Monday, July 27, 2009

Big worries for little people

For some reason, and I'm not sure why, my little ones seem to be thinking about death a lot. It might be age-appropriate but when the subject comes up, it's really difficult for me to have the balanced reaction to it that other mothers might have who haven't faced a cancer diagnosis. As I was putting my daughter to bed the other night, my 5 3/4 year old (as she describes herself these days) said "Mommy, I'm afraid you're going to die". I asked her why she was thinking about this and she said "Because you're 48. And then you will be 50, then 60, then 70,80,90 and 100 and then you're going to die. Oh I'm scared...." and then she covered her eyes. I am an older mother and her only distant reference for death was her great grandmother who died at 101. Still, as I assured her that we had many years together, a part of me felt like a liar because in all reality, I don't know how long I have left. It may be many many years - or not that many. I realize no one knows their future but each day I wake up, I'm aware that this might be the day that I find out my days are limited. I do a pretty good job of living in the moment. I do that for the whole family. For my daughter and my son, I'm sad that they have to experience life's difficulties at such a young age because of me. I hate that they think about death so much at 7 and almost 6 years of age. These moments cut me to the core. It forces all those raw fears to the surface. I'll tuck them away again and move forward. I have to......for them.

Saturday, July 25, 2009

Someone gets it!

I was sitting with a potential customer a few days ago, a very senior investigator who was interested in purchasing some equipment. I was in this meeting with one of our service engineers who had brought this potential lead to my attention. Somewhere in the discussion, the service engineer mentioned I had a PhD and then asked me where I had received it. When I told him it was from M.I.T., the investigator immediately said "And you're doing this?" with regards to my sales job. But before I could respond he then pointed and said, "You have young children, don't you?" I smiled and said "Yes". He got it. Rather than looking down on me and making negative assumptions, he regarded me as someone who had most likely made a difficult decision for the sake of the family. He was right. I appreciated that.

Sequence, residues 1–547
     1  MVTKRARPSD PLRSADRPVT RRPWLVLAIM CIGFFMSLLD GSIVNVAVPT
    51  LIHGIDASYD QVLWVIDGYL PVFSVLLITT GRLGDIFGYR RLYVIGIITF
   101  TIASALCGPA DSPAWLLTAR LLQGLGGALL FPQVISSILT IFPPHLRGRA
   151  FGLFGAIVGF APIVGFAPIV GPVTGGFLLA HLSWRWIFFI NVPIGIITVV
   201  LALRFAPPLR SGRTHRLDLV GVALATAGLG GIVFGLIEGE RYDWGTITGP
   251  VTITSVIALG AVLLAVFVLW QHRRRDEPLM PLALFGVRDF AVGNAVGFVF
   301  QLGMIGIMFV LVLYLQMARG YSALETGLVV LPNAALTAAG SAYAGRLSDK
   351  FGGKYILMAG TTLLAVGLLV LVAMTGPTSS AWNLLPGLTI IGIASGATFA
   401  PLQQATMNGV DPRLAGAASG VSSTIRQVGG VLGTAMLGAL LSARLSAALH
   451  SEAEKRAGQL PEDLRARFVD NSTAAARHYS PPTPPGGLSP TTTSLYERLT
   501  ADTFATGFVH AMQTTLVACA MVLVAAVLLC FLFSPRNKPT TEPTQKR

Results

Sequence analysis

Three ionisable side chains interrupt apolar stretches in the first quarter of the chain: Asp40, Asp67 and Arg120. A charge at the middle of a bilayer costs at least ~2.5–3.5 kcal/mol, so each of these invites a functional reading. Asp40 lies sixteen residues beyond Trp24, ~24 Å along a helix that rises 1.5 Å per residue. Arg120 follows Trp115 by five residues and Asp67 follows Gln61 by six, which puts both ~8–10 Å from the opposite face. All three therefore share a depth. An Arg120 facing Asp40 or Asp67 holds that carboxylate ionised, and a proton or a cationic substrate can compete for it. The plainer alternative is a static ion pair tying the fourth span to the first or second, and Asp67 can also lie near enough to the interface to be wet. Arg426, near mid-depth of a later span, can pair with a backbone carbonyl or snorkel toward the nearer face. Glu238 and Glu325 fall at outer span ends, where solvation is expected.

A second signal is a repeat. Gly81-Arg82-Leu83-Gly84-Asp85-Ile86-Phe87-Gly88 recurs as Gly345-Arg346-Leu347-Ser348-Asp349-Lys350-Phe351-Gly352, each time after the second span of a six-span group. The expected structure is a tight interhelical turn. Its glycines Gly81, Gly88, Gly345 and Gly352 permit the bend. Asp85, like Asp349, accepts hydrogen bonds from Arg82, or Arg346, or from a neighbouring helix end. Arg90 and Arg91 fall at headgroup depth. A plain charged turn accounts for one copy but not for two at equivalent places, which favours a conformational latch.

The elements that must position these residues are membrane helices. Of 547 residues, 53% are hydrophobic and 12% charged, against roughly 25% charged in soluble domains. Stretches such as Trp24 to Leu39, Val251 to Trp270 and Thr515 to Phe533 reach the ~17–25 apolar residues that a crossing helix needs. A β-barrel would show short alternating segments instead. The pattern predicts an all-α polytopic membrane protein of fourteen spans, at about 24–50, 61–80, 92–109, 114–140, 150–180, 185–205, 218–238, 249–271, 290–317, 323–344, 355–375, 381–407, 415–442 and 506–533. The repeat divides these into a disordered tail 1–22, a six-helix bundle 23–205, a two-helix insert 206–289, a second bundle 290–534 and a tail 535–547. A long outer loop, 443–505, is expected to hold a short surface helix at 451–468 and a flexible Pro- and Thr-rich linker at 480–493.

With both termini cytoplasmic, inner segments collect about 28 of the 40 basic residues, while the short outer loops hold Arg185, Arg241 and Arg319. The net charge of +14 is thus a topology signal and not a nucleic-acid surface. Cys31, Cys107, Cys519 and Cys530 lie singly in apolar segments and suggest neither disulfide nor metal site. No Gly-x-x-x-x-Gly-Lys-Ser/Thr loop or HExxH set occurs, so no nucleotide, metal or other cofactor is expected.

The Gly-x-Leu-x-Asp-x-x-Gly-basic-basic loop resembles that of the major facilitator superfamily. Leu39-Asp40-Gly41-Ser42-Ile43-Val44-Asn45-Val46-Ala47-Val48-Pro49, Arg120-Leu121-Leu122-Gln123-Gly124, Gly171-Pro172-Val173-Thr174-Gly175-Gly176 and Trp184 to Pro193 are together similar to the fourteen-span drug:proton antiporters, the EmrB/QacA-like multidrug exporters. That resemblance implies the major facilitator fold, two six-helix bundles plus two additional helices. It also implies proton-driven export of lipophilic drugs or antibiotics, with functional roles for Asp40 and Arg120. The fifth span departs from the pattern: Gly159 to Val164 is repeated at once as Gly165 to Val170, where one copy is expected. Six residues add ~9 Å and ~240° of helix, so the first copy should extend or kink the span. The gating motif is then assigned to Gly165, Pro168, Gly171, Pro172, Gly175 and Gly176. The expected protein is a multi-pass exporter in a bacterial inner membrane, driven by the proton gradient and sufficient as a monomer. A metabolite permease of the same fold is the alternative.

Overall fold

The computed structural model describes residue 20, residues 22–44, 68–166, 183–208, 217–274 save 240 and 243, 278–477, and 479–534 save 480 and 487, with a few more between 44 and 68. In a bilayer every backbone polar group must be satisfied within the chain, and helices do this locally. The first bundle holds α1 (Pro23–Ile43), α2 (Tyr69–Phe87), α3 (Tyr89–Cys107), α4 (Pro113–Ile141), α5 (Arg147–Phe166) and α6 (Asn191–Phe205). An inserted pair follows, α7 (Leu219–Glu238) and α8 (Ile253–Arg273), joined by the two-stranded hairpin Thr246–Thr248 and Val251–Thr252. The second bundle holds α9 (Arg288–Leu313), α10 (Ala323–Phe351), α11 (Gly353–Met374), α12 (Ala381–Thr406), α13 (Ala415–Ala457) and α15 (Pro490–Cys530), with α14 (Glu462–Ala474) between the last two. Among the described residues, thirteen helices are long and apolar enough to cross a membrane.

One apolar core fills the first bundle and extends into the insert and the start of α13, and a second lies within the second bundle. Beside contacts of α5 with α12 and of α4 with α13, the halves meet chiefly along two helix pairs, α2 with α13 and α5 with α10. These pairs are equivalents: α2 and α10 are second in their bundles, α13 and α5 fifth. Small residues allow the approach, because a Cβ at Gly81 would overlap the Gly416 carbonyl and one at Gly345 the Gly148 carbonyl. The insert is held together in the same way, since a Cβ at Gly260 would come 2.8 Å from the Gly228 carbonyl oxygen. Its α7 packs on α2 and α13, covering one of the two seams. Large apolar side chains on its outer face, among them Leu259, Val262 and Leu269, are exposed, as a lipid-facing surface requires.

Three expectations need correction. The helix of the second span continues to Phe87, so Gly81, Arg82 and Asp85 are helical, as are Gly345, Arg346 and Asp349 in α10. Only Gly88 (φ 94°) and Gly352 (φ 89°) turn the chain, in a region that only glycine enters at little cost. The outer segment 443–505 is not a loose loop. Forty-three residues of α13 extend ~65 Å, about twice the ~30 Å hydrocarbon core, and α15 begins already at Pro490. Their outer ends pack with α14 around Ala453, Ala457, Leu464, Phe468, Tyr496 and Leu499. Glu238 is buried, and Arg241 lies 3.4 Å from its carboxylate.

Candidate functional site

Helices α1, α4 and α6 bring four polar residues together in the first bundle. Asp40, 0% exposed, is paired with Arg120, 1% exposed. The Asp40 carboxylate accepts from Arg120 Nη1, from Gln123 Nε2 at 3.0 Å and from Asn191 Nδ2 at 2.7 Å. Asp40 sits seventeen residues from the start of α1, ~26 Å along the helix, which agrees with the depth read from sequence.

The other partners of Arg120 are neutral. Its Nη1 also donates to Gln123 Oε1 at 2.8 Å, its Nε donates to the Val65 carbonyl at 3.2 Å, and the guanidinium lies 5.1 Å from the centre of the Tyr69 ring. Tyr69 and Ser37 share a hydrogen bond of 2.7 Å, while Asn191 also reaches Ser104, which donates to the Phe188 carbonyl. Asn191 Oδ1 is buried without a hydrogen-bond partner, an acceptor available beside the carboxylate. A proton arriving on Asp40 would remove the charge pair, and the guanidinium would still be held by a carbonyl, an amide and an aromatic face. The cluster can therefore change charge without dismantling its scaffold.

Just Keep Hangin' On

It's been a challenging couple of months. For those of you that have followed this blog, you will know that in January I was laid off of the technical sales position that I had left 17 years of academic research experience for. The reasons for that are the same reasons women drop out of the leaky pipeline every day - family responsibilities and a need for flexibility. In the moment that I was let go from the company, a general sales position in my home town with the same company became available and given the current economic crisis, I took it, begrudgingly with the goal of leaving it as soon as I could find another position in academic administration or in technical sales. I have been bored ever since but have been struggling to stay focused and to do a decent job at something that does not interest me.

How do I know that I don't want to stay in this job? Well for one thing, there's no science involved. It doesn't challenge my mind like my academic and technical sales jobs had. Most telling though, the question I asked myself: Would I have left academics to do this job? My response is always a resounding "No".

So here I am 6 months later. I did not get the academic administrative position I really wanted. I have not been called for several technical sales positions that I would be perfect for. I am still in a position that I had hoped to be out of by now. What am I doing? I'm hanging on. It's the first time in my life I have had a job that bores me. But I need to stay in it for the financial stability of the family. Sometimes this is a problem because of my cancer diagnosis in 2007. I think "Why am I wasting my time doing something I don't like?" Then I think about the kids and the finances. It's a position most likely many Americans are in these days. So I suck it up and keep trudging along.

Each day I am challenged to maintain a part of my "self worth". It's fortunate that I never completely defined myself by my science. As my description for this blog says, I'm a scientist, mother, skater and cancer survivor as well as a wife and daughter. Still I miss the purpose my academic position gave to my life. I miss the respect that I had with that position. I consider myself a strong individual but the continuation in this job wears even on me.

So I think about the good of the family and I just keep hangin' on. I hope that better things are just around the corner.